I also visited Terrick Terrick NP that same day. Although I liked to see a white cypress forest in Victoria, which seemed totally out of place although completely natural, it was small and with no real bushwalking opportunities. Birds associated with cypress vegetation are small, and I couldn't get any nice pictures. In the park note, they also mention a cemetery worth visiting. Alright, I though it must be an old historic cemetery with info panels... actually it was a real cemetary with recent graves, incredibely hard to find, with damaged roads... Totally out of place in a park note.
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White-Browed Woodswallow & Rainbow Bee-Eater
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White-plumed Honeyeater
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Singing Honeyeater
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Hooded Robin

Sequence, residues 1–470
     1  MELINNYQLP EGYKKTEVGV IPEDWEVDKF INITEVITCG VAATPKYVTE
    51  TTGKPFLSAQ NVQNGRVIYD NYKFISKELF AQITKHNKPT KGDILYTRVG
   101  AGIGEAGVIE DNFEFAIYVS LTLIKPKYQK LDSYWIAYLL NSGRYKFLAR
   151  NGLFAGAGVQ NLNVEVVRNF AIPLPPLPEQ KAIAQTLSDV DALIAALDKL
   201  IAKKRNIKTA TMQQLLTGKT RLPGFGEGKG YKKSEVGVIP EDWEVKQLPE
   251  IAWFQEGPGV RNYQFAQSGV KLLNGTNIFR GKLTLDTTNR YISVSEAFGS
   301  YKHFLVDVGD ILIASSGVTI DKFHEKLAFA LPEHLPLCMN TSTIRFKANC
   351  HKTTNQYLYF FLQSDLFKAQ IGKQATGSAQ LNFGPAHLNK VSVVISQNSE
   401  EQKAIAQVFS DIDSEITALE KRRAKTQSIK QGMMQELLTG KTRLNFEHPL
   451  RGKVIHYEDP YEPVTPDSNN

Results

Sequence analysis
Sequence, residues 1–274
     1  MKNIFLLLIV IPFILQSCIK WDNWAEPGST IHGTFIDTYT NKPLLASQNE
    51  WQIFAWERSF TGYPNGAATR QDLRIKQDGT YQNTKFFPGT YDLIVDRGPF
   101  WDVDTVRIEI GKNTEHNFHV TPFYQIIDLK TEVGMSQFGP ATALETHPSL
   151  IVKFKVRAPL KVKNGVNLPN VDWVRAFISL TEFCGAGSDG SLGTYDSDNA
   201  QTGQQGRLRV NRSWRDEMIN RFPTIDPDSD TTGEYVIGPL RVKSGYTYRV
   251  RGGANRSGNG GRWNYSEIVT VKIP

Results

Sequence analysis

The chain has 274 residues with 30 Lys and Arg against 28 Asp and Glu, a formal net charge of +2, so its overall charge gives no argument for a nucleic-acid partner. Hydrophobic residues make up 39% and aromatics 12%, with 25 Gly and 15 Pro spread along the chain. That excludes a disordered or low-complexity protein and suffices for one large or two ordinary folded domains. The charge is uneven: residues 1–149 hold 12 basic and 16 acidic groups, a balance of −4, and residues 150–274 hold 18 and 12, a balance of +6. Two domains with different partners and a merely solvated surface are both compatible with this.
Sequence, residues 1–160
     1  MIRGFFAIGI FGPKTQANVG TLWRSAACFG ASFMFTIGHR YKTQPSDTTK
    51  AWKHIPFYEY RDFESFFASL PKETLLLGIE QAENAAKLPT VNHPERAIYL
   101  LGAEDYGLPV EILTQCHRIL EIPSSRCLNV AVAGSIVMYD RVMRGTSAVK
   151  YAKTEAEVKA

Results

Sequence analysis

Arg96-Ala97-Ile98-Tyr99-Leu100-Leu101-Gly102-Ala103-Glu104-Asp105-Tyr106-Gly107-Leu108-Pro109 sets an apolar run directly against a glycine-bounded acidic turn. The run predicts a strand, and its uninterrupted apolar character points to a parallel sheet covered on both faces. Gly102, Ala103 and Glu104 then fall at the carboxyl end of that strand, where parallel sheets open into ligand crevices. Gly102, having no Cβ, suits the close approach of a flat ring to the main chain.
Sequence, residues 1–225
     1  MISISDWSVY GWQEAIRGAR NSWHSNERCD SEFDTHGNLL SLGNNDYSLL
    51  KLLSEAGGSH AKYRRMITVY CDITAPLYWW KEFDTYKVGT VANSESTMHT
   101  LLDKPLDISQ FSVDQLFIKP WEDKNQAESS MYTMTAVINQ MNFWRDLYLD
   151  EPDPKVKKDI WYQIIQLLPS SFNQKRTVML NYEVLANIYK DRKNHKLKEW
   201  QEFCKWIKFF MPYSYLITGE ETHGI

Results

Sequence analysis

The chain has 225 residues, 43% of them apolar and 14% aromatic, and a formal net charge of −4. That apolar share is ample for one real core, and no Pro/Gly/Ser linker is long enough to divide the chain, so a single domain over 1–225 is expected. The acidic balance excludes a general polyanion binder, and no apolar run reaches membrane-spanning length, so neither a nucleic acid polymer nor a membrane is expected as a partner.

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Pink-eared Ducks (top right)
Last edited by Hallu on Thu 07 Nov, 2013 3:01 pm, edited 1 time in total.
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Re: Birdwatching trip : box-ironbark forests & Murray river

Postby Hallu » Thu 07 Nov, 2013 2:58 pm

More pics.
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Little Eagle ?
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Little Eagle ?
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Kow Swamp
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Australasian Darter
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Re: Birdwatching trip : box-ironbark forests & Murray river

Postby Hallu » Thu 07 Nov, 2013 3:20 pm